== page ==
Sweet Auburn: The Magazine of the Friends A Landscape of Remembrance and Reflection | Page 11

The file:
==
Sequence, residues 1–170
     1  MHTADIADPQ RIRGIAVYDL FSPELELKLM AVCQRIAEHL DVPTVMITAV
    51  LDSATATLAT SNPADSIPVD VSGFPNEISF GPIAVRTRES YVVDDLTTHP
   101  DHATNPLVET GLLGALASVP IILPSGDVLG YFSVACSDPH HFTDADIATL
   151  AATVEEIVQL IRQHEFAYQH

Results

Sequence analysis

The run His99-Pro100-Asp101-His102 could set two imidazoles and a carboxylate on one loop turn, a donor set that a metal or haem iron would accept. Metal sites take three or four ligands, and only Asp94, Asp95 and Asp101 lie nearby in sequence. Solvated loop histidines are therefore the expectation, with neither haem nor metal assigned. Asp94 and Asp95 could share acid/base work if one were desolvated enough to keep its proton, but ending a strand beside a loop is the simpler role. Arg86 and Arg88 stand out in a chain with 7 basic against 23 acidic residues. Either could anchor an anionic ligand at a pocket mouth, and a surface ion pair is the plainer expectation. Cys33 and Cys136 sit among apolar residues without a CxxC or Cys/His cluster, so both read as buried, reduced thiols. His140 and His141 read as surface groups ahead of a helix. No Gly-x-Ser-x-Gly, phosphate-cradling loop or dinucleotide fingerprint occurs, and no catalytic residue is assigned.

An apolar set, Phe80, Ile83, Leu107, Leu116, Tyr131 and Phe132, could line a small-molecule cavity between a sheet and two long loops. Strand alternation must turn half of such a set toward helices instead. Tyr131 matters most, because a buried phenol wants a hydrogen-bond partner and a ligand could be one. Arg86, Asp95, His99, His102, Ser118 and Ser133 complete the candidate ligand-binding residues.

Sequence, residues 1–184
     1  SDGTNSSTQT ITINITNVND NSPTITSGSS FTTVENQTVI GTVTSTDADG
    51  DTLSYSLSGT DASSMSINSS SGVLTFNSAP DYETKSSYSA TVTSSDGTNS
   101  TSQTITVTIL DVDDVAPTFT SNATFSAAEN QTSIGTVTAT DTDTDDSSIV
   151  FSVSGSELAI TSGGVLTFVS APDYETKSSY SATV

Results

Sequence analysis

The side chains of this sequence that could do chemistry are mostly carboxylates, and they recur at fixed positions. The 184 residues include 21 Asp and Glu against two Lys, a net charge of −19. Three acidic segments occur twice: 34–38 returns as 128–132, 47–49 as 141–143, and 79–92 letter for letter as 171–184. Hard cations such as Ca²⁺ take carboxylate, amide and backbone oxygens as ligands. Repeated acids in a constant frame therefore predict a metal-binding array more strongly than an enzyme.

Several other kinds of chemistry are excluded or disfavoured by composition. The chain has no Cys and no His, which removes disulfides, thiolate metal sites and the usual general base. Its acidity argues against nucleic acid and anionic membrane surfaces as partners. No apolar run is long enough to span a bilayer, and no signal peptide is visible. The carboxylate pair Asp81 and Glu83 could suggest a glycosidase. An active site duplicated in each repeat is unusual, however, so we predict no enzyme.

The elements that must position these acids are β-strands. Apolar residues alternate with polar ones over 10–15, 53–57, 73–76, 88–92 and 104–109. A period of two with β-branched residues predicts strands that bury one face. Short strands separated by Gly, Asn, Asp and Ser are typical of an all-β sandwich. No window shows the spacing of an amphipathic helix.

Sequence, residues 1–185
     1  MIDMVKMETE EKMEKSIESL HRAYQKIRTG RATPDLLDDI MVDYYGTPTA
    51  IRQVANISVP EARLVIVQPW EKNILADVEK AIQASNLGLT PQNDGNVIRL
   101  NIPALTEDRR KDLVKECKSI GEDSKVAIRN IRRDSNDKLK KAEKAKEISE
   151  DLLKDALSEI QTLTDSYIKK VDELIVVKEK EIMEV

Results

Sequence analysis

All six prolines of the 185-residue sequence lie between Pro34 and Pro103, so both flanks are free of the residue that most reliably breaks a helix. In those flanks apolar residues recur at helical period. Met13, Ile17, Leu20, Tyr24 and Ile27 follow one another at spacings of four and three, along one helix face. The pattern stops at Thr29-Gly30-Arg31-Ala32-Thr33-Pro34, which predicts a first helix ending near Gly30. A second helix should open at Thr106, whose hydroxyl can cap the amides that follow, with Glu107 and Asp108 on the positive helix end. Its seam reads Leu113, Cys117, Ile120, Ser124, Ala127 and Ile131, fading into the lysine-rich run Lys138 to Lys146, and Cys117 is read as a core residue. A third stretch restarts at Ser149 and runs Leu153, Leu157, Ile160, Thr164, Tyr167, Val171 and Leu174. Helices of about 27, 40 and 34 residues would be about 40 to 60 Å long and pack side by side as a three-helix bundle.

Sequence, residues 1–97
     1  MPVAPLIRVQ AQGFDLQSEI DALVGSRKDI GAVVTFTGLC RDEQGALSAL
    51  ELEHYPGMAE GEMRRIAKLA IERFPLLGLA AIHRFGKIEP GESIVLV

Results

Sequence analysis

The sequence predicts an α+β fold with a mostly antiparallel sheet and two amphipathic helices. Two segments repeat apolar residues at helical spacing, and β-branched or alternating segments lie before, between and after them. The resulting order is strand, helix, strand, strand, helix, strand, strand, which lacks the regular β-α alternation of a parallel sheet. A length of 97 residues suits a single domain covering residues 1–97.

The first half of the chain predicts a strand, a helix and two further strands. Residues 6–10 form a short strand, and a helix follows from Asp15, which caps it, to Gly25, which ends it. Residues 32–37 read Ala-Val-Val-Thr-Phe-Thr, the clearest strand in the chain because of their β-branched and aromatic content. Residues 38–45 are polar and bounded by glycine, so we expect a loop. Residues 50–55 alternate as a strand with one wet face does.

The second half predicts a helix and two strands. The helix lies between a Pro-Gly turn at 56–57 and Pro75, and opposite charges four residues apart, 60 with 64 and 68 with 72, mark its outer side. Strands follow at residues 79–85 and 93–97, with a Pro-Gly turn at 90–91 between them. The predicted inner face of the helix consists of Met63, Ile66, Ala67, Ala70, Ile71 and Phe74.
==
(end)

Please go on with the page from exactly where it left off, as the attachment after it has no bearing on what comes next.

sweet auburn | 2020 volume i are embedded in hillsides, under trees, along paths, and free-standing. Like the people that will be remembered, no two stones are alike. Varied in size, some are lichen- or moss-covered while others have streaks of color, interesting geologic folds, or distinct silhouettes. Arranged in tumbles or individually, they offer the illusion of having been dropped in place by receding glaciers. Other ways to be memorialized at Hazel Path include inscriptions on ten tall granite monuments (three were installed with the project) and new granite steps that were added between the Fuller obelisks to make them feel part of the overall composition and to improve general circulation. Blending Hazel Path with its context was just as important as making it a place of beauty and enjoyment. Shade and sun meadows at Mountain Avenue (for shade: Sedge, Wood Fern, Prairie Dropseed; for sun: Poppy Mallow, Bluebell, Sedge, Goldenrod) complement the mature meadow at the base of Washington Tower. Myrtle Path, the corridor leading to Hazel Path but also an important route for maintenance vehicles, was kept wide but its borders are now densely packed with plants and boulders. Uphill from Myrtle is a sunny, steep slope shared with Hazel Path, where some of the woodland plants spill over and then subtly transition to sun-tolerant species. Fast-growing Fragrant Sumac, Japanese Plum, and Pepperbush will quickly help to stabilize the hillside. The base of the slope is lined with American Hop Hornbeam shade trees, which will someday make a light canopy over Myrtle Path. The design wouldn’t feel complete without a respectable showing of its namesake plants from the Hazel family, Hamamelidaceae. Ten types of Hazel shrubs are clustered along the length of Hazel Path, making a spectacular display of flowers on winter’s bare branches, when least expected but most dearly needed. From January through mid-April, the yellow-gold-rusty pink flowers of Winter Hazel (glabrescens and spicata), Witch Hazel (Ozark, Arnold Promise, Pallida, and Jelena), and Hazelnut (American, Beaked) bloom and spread a citrus-like fragrance that infuses the chilly air. These Hazel selections were made to please year-round, but particularly on a visit between mid-February and mid-March, when overlapping bloom times are at their peak and the low sunangle intensifies the frilly flowers. Fall-blooming Common Witch Hazel helps round out the growing season on the other end, appearing from mid-October to mid-November. Although Hazel Path has a specific purpose, it is also a functioning ecology, meaning that it will change and adapt over time as plants and soils develop, and weather, light, and water shift. This process will rightfully be guided and tweaked by the extraordinary horticultural staff that care for the Cemetery and whose presence is felt in the sustained beauty of the grounds. Smartly, the Cemetery gives them a voice in the design, and I have confidence that they will respect and improve upon the long-term vision for the project. It will be fascinating to watch. 9